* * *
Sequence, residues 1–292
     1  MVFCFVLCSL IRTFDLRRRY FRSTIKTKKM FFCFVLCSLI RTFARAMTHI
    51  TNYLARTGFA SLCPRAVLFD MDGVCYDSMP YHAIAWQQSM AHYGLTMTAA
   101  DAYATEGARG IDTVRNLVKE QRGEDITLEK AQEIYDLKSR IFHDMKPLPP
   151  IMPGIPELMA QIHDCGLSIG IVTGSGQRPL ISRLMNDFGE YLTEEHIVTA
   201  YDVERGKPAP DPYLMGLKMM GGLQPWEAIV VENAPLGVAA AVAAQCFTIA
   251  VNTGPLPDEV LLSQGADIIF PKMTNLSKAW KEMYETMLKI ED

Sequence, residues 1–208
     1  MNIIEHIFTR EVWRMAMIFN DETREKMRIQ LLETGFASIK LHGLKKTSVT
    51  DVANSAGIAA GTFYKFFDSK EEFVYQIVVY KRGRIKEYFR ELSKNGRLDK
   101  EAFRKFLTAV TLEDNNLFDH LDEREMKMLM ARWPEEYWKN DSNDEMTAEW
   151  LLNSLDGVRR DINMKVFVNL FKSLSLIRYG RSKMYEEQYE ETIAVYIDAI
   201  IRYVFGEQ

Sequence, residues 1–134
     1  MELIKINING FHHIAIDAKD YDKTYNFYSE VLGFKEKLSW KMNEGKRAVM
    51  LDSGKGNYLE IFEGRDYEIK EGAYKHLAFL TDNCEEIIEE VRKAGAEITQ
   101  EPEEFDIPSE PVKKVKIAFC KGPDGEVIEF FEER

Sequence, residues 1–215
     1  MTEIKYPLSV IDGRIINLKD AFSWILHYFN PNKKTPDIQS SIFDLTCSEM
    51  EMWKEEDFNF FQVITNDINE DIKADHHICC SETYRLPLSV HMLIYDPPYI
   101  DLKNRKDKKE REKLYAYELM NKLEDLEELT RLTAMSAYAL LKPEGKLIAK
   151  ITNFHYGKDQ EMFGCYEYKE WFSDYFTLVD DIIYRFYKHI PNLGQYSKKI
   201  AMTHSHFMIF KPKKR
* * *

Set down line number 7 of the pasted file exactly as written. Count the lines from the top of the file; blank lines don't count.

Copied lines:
   251  VNTGPLPDEV LLSQGADIIF PKMTNLSKAW KEMYETMLKI ED